It’s a small study, but one with big implications for how we understand the relationship between policy, culture, and reproductive rights: a study performed by two doctors in a Chicago children’s hospital found that people in areas with more restrictive abortion policies search for the word “abortion” more than in more liberal areas. The researchers assumed women in these areas are more likely to look to the Internet for help in finding abortion providers because they feared asking their primary care doctors. I’d add that anti-abortion policies tend to coincide—because anti-choicers are in this because of a mix of misogyny and sex panic—with general cultural and legal obstacles to contraception access. This raises the unintended pregnancy rate, thus the more frequent searching for abortion services.
It also disproves the contention made by Ross Douthat that the main reason that red states have higher divorce rates, as well as rates of teenage childbirth and other problems that point to a general inability to live up to the “family values” ideal, is that the noble salt-of-the-earth red-state ladies endure unwanted pregnancies as the punishment coming to them for the sin of fornication. They sin, he argues, but they’re morally superior to blue state sisters because they take their childbirth medicine instead of using abortion. Douthat imagined that red state ladies think of themselves in the same lowly terms he imagines them, more as sinful creatures deserving of punishment than human beings deserving of rights and social investment.
Noble women who grimly take their punishment of unwanted pregnancy and shotgun marriages for the fleeting pleasures of fornication—perhaps with hair shirt maternity clothes as an added bonus?—appears to be a fantasy of sexist male New York Times columnists safely ensconced in the Sodom of New York City. Having grown up in Texas, I can’t say I’m surprised. Red state women aren’t especially more likely than blue state women to think they owe the world a baby because someone didn’t pull out when he said he would. They’re just more likely to find that it’s hard to find an abortion provider when a fleet of moral scolds and gleefully misogynist blowhards have convinced legislators to pass laws making abortion harder to get.
Not that Douthat will likely admit it, but the lower abortion rates in more conservative areas are far more likely to be the result of lack of access than they are an unwillingness on the part of women to terminate unwanted pregnancies. If you don’t have a doctor in your county performing abortions, the abortion rate in your county is probably zero. But if you drive to the next county to get an abortion, their abortion rate goes up. We know that women will often travel across many states in order to avoid bearing unwanted children. (In Texas, women will often travel into Mexico, often just to avoid being seen in the local abortion clinics.) Claiming a low abortion rate indicates a lack of desire for abortion services is like claiming teenagers love “Beowulf” because they’re assigned to read it in high school.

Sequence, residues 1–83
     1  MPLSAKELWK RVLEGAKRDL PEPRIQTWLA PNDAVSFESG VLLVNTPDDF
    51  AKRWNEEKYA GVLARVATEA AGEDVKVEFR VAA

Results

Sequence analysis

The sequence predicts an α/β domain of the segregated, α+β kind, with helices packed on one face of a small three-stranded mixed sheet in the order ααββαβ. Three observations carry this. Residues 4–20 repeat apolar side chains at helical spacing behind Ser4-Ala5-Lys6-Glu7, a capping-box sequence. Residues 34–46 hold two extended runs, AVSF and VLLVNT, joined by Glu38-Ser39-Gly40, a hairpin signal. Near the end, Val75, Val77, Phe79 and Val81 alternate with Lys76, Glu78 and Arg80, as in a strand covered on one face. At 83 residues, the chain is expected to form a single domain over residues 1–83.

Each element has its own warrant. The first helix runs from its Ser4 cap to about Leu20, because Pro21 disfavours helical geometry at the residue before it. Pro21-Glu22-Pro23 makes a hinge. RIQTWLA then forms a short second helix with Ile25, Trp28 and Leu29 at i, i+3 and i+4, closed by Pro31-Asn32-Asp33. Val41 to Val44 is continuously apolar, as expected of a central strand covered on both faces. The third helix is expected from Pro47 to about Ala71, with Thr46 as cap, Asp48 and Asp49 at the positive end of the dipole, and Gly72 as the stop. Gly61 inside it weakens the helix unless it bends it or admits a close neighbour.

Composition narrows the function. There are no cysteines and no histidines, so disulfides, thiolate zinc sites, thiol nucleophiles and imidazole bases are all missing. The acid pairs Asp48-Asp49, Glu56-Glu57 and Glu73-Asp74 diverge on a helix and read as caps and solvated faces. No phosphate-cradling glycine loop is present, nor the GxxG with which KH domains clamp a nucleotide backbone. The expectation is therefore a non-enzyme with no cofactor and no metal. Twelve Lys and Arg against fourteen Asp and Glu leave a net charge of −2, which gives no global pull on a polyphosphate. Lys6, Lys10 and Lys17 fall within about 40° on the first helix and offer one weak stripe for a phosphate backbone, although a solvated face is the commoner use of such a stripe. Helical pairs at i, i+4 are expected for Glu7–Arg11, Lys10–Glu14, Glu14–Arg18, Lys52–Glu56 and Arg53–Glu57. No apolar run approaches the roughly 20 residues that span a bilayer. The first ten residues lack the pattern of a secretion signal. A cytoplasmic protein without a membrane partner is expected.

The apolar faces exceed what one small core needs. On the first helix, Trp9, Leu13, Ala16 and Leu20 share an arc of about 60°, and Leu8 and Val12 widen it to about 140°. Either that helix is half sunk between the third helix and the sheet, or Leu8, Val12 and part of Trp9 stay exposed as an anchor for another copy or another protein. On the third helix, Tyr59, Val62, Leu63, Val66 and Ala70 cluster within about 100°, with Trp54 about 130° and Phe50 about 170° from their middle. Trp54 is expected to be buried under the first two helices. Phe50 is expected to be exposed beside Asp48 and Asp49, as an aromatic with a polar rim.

Roe has collapsed and Texas is in chaos.
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What then should we learn from this study? Mostly what pro-choicers have said for a long time, which is that many women are drastically underserved in the reproductive health department. It’s not just that they don’t have decent access to abortion when they want or need it, and therefore have to go through hell and high water to obtain this simple procedure. It’s also that they don’t have adequate access to the means to prevent those unwanted pregnancies and abortions in the first place. Places where the moral scolds and misogynists make it hard for you to get abortions are places where moral scolds and misogynists make it hard for you to buy condoms or get a birth control prescription. Needless to say, when moral scolds and misogynists have a lot of power in a community, young people are given less access to sex education that teaches them how to prevent unwanted pregnancies.
The question is, how to best improve this access? On a recent episode of “Reality Cast”, Emily Bazelon suggested that the pro-choice movement might consider if it’s a better use of resources to try to bring women who want abortions to the providers rather than try to increase the number of providers in areas where they face endless amount of grief from protesters and legislators. It’s a tempting idea, and certainly a stopgap measure already in place through organizations that provide information, funding, and housing to needy women seeking abortion. But it doesn’t do much for the larger problem, which is that women with poor access to abortion services also face poorer access to contraception services that could prevent the need for abortion in the first place. We’ve all been tempted to simply give up and create a system of free states and anti-choice states, but such a system would almost surely increase the rate of unwanted pregnancy.
The other thing we can learn from this is that women who have poor access to abortion services are turning to the Internet, so the Internet is where the information they need should be. Websites that connect women to abortion services already exist, and they need to be optimized so they come up quickly on searches. Efforts to connect remote patients with doctors who can assist them through the internet with non-surgical abortion options should continue, with more effort invested in making sure women who would want this option have access to it. We must resist anti-choicers who work tirelessly to make sure anti-abortion propaganda is the first thing a woman seeking an abortion sees when she searches for abortion services online. The Internet can be a great place to find information and services, but sadly it’s also a place where emboldened right wing demagogues can spread lies and misinformation.